STATE government changes to laws protecting creek and river banks will leave the shire's waterways at greater risk of pollution, said Total Environment Centre campaigner David Burgess.
The NSW Department of Planning and Infrastructure announced the changes this month as part of initiatives to improve housing supply.
They include allowing cycleways, roads and parks along creek banks, removing the need for planted buffer areas in addition to protected corridors along waterways.
The government also announced it was seeking to remove the federal government's role in assessing developments in these areas.
Mr Burgess, who is also active in the Sutherland Shire Environment Centre, said the changes were of great concern and could threaten the health of the shire's three rivers, the Woronora, the Georges and the Hacking.
"Riparian corridors in a nutshell are what keep our waterways clean. They are vital for filtering urban run-off." Mr Burgess said.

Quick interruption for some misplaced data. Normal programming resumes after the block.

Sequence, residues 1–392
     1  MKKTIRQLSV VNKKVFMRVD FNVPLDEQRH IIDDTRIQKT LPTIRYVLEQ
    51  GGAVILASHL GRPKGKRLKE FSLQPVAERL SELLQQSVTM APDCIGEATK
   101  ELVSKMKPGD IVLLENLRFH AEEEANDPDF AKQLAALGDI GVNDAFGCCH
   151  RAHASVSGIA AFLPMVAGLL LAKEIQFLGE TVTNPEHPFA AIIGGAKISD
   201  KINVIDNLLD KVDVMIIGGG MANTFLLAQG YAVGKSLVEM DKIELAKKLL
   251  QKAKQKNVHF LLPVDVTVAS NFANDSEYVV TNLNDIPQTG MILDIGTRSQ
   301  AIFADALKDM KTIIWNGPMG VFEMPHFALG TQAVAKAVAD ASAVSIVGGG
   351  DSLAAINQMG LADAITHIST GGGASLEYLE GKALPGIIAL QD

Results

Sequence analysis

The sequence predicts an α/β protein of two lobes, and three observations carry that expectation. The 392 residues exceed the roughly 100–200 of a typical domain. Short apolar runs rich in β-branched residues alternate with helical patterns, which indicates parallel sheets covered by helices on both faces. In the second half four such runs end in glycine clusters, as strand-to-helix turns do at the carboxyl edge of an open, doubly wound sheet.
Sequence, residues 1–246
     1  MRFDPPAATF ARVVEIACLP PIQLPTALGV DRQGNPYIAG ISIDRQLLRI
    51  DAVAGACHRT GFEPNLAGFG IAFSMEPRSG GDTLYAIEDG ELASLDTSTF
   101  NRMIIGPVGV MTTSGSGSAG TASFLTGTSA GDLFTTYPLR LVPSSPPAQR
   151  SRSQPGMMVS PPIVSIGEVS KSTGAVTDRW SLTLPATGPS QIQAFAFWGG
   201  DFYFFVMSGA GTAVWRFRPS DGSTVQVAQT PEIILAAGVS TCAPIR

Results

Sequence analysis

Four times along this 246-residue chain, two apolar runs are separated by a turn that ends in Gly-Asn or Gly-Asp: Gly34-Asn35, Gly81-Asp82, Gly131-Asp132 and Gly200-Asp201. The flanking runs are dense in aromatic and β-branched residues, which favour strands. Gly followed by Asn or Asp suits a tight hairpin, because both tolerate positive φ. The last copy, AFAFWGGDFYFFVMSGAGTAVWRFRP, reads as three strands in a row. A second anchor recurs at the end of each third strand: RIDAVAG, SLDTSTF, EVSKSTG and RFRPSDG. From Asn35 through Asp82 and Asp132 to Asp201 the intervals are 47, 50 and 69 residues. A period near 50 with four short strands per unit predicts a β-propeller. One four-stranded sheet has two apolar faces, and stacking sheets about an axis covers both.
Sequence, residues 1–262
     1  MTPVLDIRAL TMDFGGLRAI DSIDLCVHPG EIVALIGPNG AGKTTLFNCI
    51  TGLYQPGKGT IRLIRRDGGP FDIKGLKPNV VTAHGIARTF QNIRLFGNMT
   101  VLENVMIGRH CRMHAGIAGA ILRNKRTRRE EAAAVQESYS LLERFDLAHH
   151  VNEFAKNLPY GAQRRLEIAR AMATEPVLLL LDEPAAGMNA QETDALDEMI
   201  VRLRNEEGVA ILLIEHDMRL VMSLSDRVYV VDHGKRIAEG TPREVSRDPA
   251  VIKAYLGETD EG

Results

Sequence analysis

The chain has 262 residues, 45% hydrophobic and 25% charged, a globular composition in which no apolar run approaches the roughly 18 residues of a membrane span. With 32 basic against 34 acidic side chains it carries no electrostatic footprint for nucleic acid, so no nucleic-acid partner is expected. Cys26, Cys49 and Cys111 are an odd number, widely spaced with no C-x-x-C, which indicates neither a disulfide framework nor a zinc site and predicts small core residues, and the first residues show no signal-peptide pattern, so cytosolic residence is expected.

He said roads and cycleways along waterways would cause greater urban run-off and reduce the vegetation needed to filter water entering streams and creeks.
"Roads in particular are renowned for introducing weeds," he said.
Georges River Environmental Alliance secretary Sharyn Cullis said she had not heard anything about the changes from the government.
"I'm an interested stakeholder and involved in this area and have not even heard about this. Where is the consultation?" Ms Cullis said.
"This is an appalling move. What we are actually doing is diminishing the quality of our waterways."
The changes to protection of creek banks are not the only tinkering with environmental legislation undertaken by the state government recently.
Mr Burgess said he was also concerned by proposed changes to the Native Vegetation Act, which were announced at the beginning of the month. The changes received little attention as the announcement coincided with the state government's controversial decision to allow amateur hunters to cull feral animals in some national parks.
Mr Burgess said the changes made it easier for land owners to clear areas that were revegetated by native plants.